Question: Did you ever come up with a back-story to your character?
Harris: There is a huge back-story but it’s all revealed in P3. You know she has her own reasons for doing what she’s doing in P2. P2 is just an introduction for the character and in P3 she actually goes on a journey with all the different characters.
Question: Did you get to read both scripts?
Harris: No, I had to do 2 without knowing what was happening in 3. But Gore did brief me, which was a little hard because there is so much that happens with her in p3.
Question: Where you ever down in the Caribbean?
Harris: For P2, everything was shot in Los Angeles on a lot in Disney. But then for p3, I went to the Bahamas in Dominica.
Question: Are you done shooting?
Harris: No, I start again in August.
Question: How was the audition process? Other girls?
Harris: Well, you never know kind of who you’re up against because it’s just um…you know you’re in a room with the director and the casting director. But I didn’t know that Gore didn’t actually want me for the part. Because, he said that I was actually too pretty and he didn’t want anybody pretty. He wanted like an older actress and I didn’t know that when I walked into the audition room but I learned that later. So, the casting director, Denise Chamian, who cast me in…well she actually tried to cast me in something else but it didn’t’ work out. And she really wanted me for the part so she persuaded Gore to audition me. And he said to me, when I walked into the room, he said, ‘ok, you’re going to have to do this like 3 maybe 4 times so…ok, let’s just have a go-just see what you’re done.’ And so I read it once and then he went, ‘how would you like to come to the Bahamas?’ It was great!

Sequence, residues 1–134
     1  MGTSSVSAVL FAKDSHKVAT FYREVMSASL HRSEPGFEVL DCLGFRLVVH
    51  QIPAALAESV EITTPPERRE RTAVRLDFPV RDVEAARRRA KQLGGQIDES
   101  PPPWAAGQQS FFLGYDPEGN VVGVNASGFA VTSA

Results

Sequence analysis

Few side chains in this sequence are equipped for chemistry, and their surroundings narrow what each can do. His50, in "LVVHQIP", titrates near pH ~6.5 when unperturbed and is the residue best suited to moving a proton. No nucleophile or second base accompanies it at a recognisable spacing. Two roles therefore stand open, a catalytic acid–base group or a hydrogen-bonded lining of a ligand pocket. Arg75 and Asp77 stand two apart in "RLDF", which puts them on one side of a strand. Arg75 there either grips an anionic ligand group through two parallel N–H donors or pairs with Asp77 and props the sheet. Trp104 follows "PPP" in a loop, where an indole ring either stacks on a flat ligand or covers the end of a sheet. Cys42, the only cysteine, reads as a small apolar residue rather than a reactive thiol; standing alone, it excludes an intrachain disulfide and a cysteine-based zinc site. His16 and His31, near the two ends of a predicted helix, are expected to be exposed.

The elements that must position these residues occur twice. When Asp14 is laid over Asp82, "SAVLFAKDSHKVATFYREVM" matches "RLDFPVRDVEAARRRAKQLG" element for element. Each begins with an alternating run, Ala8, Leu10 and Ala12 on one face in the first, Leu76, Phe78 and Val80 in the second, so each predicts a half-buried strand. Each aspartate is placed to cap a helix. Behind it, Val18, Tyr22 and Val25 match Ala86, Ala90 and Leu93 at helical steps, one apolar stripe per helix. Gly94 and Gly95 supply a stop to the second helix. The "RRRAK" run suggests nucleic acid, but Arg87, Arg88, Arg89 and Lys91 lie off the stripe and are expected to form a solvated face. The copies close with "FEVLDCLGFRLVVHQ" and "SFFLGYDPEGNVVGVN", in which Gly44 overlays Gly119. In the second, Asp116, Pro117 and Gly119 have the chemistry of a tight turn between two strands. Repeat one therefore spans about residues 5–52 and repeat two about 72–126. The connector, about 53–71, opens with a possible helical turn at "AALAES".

Question: How did you get that accent?
Harris: It is Jamaican, actually. And I did a Jamaican accent for “White Teeth,” which I did for the BBC in London. And also my family are Jamaican as well.
Question: What kinds of doors has this movie opened up for you?
Harris: I don’t know…I never think of that in terms of parts. I just think in terms of what roles challenge me. What role takes me in a new direction? And I was really excited about playing Tia Dalma because her-she allowed me to introduce physicality in a way that I haven’t introduced in other characters. She allowed me to be larger than life which I hadn’t been allowed to do in other characters. And she also didn’t have to worry about being beautiful, which I really like, you know, just not having to worry about your looks and being conventionally attractive. But I think she’s a hugely attractive character but just not like in a conventional way, and I found that really liberating.
Question: What was your previous experience with Voodoo?
Harris: I didn’t, no, I think I would have been absolutely too terrified to. Because I used to go back to Jamaica once every year when I was growing up, and actually lived in Jamaica for six months and went to school there for a while. So I know a lot about voodoo and it’s very alive and well in Jamaica and in the Caribbean in general. We do believe in it a lot so I wouldn’t go exploring in those realms unless I really had to.